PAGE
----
Sino Land and its parent in March sold an office building in the city’s eastern Kowloon Bay district to a unit of China Construction Bank Corp. (939) for HK$2.5 billion, booking a net gain of HK$390 million.
That came after the developer, controlled by the family of Singapore’s richest man, Robert Ng, in December sold a shopping mall in the northeastern Tsueng Kwan O district to Link REIT (823), Asia’s biggest property trust, for HK$588.4 million.
New World Development Co., controlled by Hong Kong’s third- richest man, Cheng Yu-tung, is offering to sell Riviera Plaza in the northern Tsuen Wan district for HK$1.2 billion, the Hong Kong Economic Times newspaper reported June 28. Fiona Wan, spokeswoman for New World, declined to comment on the report.
Swire Properties Ltd. (1972), the biggest landlord in eastern Hong Kong Island, booked an HK$8.6 billion profit from the sale of the Festival Walk shopping mall in the Kowloon Tong area in July last year to Singapore-based Mapletree Investments Pte.
Buyers of such properties, mainly professional investors, pensions, private-equity funds and wealthy families, are seeking out the assets for their stable returns, said CBRE’s Chung. The average yield on commercial properties in Hong Kong is 2 percent to 4 percent, according to Wong Leung-sing, a research director at Centaline Property Agency Ltd., the city’s biggest closely held realtor.
The 49 stocks in Hong Kong’s benchmark Hang Seng Index have an average estimated dividend yield of 3.81 percent for 2012, according to data compiled by Bloomberg. Yields on government bonds are close to zero as the city’s interest rates are tied to the U.S. Federal Reserve.
Retail rents in the city, now the world’s second highest behind New York’s Fifth Avenue, will probably increase 12 percent this year even as the number of tourists to the city is expected to slow following a pullback in the Chinese and global economies, according to Colliers International, a Seattle-based broker.
Donald Tsang, Leung’s predecessor, tried to rein in home prices by last year resuming regular land sales halted in 2004 as part of measures to revive the real estate market after the dot-com bubble, the Sept. 11 terrorist attack in the U.S. and the Severe Acute Respiratory System outbreak in 2003.
Since 2004, the city only held land auctions after a developer promised to pay a minimum price for sites on a list prepared by the government each year.
The government will sell as many as 47 sites in the fiscal year ending March 2013, it said in February. That compares with the 40 sites it sold at auction and through tender in the previous 12 months for HK$66.9 billion, according to the Lands Department website.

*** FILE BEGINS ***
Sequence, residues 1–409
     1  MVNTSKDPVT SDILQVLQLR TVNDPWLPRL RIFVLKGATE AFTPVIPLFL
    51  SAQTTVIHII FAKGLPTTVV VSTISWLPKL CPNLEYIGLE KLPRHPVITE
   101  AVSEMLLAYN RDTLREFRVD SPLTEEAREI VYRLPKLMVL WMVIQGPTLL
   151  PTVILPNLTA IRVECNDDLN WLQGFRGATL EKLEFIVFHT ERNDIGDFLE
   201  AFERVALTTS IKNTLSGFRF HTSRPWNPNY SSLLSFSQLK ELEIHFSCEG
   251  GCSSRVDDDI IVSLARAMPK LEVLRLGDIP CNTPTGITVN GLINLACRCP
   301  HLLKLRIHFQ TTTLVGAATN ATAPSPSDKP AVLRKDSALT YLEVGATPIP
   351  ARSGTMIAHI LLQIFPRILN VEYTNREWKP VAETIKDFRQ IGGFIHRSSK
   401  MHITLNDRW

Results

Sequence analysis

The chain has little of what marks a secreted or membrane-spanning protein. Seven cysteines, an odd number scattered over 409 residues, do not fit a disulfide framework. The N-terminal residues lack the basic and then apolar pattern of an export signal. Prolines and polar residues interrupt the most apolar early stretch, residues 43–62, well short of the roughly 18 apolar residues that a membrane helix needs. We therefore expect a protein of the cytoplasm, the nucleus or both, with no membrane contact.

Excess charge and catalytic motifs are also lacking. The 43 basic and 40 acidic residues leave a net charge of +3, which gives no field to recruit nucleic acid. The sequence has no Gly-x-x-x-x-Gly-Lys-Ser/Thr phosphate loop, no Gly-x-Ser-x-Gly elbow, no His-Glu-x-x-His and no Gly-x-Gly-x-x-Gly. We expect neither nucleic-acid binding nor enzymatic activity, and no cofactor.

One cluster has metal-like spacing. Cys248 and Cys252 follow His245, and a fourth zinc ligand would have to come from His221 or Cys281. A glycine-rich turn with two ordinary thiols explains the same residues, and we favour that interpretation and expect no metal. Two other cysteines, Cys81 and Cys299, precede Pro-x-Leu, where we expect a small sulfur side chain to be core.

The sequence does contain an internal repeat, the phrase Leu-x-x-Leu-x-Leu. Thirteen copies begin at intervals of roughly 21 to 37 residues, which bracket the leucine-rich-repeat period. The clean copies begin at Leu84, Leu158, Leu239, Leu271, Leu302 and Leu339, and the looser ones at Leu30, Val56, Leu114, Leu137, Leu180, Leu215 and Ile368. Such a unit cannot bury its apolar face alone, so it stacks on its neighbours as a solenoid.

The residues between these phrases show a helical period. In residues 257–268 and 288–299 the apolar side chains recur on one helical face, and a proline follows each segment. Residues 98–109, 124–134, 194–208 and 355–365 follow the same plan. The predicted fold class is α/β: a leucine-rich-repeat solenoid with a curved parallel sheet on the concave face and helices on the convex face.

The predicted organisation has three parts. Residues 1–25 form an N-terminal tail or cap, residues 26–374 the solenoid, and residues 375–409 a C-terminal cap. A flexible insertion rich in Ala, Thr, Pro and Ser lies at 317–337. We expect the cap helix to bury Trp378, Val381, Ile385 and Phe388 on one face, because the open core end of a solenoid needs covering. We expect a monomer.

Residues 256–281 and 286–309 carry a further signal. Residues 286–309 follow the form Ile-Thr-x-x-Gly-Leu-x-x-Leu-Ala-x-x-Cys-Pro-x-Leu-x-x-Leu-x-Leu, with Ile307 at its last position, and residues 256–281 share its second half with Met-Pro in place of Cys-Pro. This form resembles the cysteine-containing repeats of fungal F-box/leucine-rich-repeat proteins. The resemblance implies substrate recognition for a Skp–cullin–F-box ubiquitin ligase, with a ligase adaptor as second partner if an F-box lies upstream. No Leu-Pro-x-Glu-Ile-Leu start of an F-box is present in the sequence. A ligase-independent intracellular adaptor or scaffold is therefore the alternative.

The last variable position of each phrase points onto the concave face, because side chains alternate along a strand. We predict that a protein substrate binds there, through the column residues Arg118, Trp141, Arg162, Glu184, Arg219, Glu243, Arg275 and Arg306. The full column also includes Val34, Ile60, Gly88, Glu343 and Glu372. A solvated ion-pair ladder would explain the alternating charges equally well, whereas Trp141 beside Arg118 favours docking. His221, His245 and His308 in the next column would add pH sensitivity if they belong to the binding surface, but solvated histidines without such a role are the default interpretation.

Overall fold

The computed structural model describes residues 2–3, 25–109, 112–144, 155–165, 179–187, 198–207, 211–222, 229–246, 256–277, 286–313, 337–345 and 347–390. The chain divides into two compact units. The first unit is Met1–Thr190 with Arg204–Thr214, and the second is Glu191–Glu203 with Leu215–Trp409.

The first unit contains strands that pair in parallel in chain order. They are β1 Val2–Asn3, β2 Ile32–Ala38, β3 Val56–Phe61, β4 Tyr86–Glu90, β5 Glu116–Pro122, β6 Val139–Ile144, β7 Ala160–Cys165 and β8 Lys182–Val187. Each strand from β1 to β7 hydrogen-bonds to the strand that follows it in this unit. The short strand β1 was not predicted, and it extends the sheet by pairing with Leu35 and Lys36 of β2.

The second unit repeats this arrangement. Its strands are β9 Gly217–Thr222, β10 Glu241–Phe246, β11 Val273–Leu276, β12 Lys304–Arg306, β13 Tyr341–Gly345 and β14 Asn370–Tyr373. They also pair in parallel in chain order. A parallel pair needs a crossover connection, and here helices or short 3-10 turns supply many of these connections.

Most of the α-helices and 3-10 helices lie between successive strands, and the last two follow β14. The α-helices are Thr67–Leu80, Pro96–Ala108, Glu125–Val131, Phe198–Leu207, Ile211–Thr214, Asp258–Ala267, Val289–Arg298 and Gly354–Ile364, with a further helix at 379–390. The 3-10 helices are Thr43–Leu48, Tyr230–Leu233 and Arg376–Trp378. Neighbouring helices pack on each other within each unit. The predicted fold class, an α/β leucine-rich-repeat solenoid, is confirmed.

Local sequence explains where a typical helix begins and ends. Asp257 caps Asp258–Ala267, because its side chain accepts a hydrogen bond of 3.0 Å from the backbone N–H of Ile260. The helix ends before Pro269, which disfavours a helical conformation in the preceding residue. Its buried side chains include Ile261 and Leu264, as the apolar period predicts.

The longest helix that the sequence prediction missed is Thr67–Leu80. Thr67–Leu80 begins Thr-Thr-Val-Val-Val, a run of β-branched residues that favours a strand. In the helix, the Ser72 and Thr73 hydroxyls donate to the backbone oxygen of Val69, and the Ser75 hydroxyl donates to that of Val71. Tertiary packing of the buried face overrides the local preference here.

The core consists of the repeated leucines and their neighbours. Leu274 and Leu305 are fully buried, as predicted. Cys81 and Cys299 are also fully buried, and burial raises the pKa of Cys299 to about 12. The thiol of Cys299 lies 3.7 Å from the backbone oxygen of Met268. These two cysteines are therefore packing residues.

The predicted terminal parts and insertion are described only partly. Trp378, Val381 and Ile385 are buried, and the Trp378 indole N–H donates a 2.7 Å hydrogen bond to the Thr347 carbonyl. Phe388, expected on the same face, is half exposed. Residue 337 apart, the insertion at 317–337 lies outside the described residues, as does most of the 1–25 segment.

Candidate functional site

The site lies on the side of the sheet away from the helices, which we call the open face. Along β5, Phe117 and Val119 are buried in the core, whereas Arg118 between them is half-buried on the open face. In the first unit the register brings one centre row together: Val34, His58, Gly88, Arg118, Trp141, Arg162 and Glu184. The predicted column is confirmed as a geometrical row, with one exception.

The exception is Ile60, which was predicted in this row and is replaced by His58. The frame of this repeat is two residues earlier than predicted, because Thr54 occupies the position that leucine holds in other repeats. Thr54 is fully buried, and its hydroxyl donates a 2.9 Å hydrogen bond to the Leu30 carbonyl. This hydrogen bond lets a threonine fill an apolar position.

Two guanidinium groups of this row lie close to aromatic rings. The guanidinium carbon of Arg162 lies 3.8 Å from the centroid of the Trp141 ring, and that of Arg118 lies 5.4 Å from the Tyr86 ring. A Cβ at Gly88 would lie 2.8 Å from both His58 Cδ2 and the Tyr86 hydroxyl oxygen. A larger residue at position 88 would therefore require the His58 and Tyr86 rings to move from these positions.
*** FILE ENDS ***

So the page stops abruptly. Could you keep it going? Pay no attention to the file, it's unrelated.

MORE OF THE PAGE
Hang Lung, which hasn’t bought land in Hong Kong in at least a decade, and Sino Land were among builders that earlier this month took part in a tender for a government site that was won by Sun Hung Kai Properties Ltd. for HK$6.91 billion.
The government may boost housing supply about 40 percent annually, according to CLSA.
Hong Kong home prices may fall as much as 20 percent in the next 12 months on increased supply and the global economic slowdown, according to a report last month by Deutsche Bank AG.
Developers in Hong Kong have enjoyed record revenue as home prices were underpinned by record-low interest rates and demand for the city’s apartments from buyers from other parts of China. Those earnings may not be sustained as economic growth slows both in the city and in China.
Hong Kong may lower its 2012 economic forecast next month as the outlook for global growth deteriorates, Financial Secretary John Tsang said July 8. China’s economic growth may cool to 7.4 percent this quarter after slowing to 7.6 percent in the three months ended June, the weakest pace in three years.
Sun Hung Kai will report a 7 percent decline in revenue for the six months to June 30 from a record HK$67 billion in the previous half year, according to the average estimate of 18 analysts surveyed by Bloomberg News. Sino Land, which makes almost all of its earnings in Hong Kong, may post a 3.4 percent drop in sales in the period, according to a survey of 14 analysts.
“Some of these properties were built a while ago and their values have gone up so much since then,” said Antonio Wu, deputy managing director in Hong Kong for Colliers. “Maybe they aren’t seeing that much upside anymore.”